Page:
A strong tourism base has developed because of Acadiana’s festival network, our indigenous culture and the hospitality of our residents. By Greg Gothreaux

Hospitality is defined as friendly, welcoming and generous treatment offered to guests or strangers. That treatment is one of the hallmarks of Acadiana. It’s no wonder that the hospitality industry is such a vital part of Acadiana’s economy. The industry encompasses more than just hotels and restaurants. On a broader level it includes everything from transportation to retail to arts and entertainment and recreation facilities. As a whole these pieces make up one of Louisiana’s largest economic drivers — the travel and tourism industry.

Louisiana’s tourism industry has unquestionably been impacted by the Gulf oil spill. The threats from the oil spill, both real and perceived, to the shore, waters and seafood will continue to impact tourism. Locally, numbers took a hit in the second and third quarters, but rebounded some in the fourth quarter. Though leisure travel was down in 2010 due to cancellations related to the spill, the descent of media, relief workers, and government officials has offset some of the lost spending from leisure travel in the near term.

The region’s hospitality industry was also impacted by the recession. Hotel occupancy rates in Lafayette Parish had been well above the national average since 2005. Local rates dipped in 2009 and 2010; and 2010 began with a 28 percent deficit in hotel/motel tax collections. Much like overall retail sales, there was a surge in the second half of the year, and hotel/motel receipts ended the year down only 2.8 percent. Five of the last six months saw higher individual monthly receipts than in 2009, echoing the trend seen with overall retail sales.

Annually, the Department of Culture, Recreation and Tourism commissions an economic impact analysis of tourism on Louisiana’s parishes. Let’s take a look at where the tourism industry stood in Acadiana in 2008, prior to the recession and oil spill, and what we might expect as 2011 progresses.

The economic impact of domestic travel — U.S. residents traveling to places more than 50 miles from their homes or to places where they have an overnight stay in paid accommodations — has grown steadily in Acadiana since 2000, affirming the stability of Lafayette’s overall economy.

Acadiana has seen consistent growth of travel expenditures since 2000, with the exception of 2005. Total travel expenditures include spending by travelers on goods and services during their trips, such as lodging, transportation, meals, entertainment and retail shopping. Expenditures increased by 27 percent between 2000 and 2004. Between 2005 and 2008, expenditures increased a whopping 45 percent — reflective of an influx of hotel developments and increased business travel spurred by high energy prices.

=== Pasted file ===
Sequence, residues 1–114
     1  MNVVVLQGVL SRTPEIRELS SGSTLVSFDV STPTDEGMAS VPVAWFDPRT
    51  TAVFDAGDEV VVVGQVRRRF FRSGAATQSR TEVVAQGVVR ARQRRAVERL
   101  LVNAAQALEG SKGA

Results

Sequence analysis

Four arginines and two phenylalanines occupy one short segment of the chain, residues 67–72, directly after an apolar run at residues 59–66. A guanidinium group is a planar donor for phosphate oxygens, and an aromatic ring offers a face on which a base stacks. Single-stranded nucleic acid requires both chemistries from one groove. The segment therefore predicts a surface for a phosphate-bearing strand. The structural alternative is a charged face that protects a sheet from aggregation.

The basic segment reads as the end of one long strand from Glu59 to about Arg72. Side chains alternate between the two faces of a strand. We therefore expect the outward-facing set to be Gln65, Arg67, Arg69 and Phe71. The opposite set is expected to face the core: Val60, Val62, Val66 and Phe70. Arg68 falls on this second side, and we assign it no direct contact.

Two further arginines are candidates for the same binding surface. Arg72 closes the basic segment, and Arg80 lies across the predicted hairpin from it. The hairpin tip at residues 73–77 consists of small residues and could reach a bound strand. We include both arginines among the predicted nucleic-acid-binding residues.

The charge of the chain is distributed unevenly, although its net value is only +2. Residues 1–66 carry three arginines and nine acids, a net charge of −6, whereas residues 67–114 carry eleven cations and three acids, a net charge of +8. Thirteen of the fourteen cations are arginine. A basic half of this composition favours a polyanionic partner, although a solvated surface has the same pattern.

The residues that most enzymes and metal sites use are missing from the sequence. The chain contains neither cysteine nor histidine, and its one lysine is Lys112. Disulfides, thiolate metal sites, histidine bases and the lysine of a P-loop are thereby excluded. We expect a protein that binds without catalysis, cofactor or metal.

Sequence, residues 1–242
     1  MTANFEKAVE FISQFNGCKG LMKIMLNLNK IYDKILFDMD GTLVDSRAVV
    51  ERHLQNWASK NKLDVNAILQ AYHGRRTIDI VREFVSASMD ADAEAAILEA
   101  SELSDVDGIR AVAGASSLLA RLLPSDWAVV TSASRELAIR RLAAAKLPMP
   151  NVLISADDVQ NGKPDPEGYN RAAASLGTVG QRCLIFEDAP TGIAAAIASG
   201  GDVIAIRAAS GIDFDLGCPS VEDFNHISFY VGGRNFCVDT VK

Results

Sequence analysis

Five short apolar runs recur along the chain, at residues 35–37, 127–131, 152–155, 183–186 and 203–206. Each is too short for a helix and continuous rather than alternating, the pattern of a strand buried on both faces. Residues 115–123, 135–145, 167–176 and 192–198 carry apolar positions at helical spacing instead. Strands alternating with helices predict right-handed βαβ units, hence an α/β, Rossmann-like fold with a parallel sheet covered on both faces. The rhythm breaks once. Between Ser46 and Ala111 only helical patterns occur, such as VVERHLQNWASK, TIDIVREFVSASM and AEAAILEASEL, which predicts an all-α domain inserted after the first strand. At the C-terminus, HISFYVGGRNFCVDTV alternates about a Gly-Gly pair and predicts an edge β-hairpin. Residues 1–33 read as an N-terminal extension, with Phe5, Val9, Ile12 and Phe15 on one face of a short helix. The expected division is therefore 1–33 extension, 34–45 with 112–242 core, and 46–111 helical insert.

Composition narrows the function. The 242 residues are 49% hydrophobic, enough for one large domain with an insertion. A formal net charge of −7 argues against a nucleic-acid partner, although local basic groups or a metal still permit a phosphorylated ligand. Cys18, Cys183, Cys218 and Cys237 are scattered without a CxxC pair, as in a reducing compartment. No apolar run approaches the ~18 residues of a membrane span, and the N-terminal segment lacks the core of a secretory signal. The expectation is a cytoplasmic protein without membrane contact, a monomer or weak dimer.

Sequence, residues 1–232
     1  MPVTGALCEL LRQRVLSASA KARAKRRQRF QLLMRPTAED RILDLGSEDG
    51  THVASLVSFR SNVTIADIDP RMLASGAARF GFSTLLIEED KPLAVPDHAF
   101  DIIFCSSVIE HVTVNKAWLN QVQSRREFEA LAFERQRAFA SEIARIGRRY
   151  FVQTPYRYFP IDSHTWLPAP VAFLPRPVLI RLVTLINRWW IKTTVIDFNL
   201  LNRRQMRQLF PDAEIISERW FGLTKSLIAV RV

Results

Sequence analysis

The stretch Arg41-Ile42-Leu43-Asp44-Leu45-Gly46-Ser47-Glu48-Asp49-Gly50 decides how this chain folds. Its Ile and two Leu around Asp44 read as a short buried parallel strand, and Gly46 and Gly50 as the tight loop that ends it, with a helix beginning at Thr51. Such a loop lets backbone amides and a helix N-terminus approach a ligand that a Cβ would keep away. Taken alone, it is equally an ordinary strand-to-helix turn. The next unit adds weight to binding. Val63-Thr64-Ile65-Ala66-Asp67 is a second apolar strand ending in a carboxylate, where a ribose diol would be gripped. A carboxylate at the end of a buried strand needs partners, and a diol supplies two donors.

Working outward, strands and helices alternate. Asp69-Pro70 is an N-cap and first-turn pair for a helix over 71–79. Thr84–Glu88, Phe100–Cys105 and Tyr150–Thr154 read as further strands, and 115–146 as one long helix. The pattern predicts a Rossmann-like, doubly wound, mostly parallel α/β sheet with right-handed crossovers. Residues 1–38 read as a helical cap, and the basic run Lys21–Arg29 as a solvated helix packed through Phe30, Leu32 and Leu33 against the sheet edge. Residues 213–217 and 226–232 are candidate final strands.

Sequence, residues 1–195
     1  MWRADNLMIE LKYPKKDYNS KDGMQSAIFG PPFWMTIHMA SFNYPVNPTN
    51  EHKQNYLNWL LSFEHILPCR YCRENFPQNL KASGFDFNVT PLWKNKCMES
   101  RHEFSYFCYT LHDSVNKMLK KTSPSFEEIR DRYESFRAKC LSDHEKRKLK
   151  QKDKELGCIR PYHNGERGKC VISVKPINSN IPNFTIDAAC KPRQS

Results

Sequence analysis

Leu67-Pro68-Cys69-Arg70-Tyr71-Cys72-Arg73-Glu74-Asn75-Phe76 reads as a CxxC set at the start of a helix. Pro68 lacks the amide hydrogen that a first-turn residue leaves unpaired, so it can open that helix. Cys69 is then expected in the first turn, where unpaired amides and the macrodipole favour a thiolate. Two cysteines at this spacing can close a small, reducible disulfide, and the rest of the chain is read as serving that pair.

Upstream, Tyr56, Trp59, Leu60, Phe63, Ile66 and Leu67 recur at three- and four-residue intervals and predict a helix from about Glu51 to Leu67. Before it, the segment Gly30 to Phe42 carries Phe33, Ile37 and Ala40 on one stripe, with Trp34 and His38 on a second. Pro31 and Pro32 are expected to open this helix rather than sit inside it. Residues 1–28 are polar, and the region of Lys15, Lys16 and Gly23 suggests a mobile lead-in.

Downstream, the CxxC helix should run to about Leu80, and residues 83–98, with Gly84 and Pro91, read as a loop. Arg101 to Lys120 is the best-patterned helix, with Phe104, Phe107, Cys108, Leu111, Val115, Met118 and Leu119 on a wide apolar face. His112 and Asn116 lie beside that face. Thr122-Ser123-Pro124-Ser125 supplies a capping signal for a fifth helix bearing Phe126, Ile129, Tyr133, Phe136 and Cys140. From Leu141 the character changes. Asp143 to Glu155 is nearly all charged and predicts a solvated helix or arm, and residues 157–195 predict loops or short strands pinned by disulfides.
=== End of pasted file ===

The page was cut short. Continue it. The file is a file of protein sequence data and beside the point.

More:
Since 2000, travel-generated employment — jobs generated or supported by traveler spending — has remained steady, with 2008 having the highest employment at 5,200. Travel-generated payroll is the wage and salary income paid to employees directly serving travelers. One dollar of travel spending generates different amounts of payroll income within the various travel industry sectors depending on the labor content and the wage structure of each sector. Hotel and food service managers, for example, have a higher wage and higher impact on total payroll than entry-level sales positions. In 2008, every $91,724 spent by domestic travelers in Louisiana directly supported one job. In 2008, domestic travel generated almost $100 million in payroll, an increase of 37 percent since the start of the decade.

In contrast to travel-generated employment, total industry employment represents those employed in all accommodation and food service subcategories — such as hotels, bed and breakfast, restaurants and bars. The Lafayette MSA is very service-oriented with growing affluence. Not only do business and leisure travelers drive the hospitality industry in Acadiana, but residents with discretionary income give a boost to the industry as well by utilizing the same services and facilities as travelers. Since 2003, employment has grown 17 percent to just more than 15,000. This growth reflects not only increased workforce needs in existing establishments but also new workforce created by new establishments.

In Acadiana, we’re known for our resiliency and joie de vivre. We’re a culture that celebrates everything from andouille to zydeco and we have a festival to commemorate it. A strong tourism base has developed locally because of this festival network, our indigenous culture, and the hospitality of Acadiana’s residents. Though the year has just begun, 2011 numbers look promising according to the Lafayette Convention and Visitors Commission. Acadiana’s hospitality industry is ready to serve visitors for Mardi Gras, Festival International, LAGCOE and the numerous other events in Acadiana throughout the year. As the sign on I-10 reads, “Bienvenue à Lafayette.”

Gregg Gothreaux is president and chief executive officer of the Lafayette Economic Development Authority.

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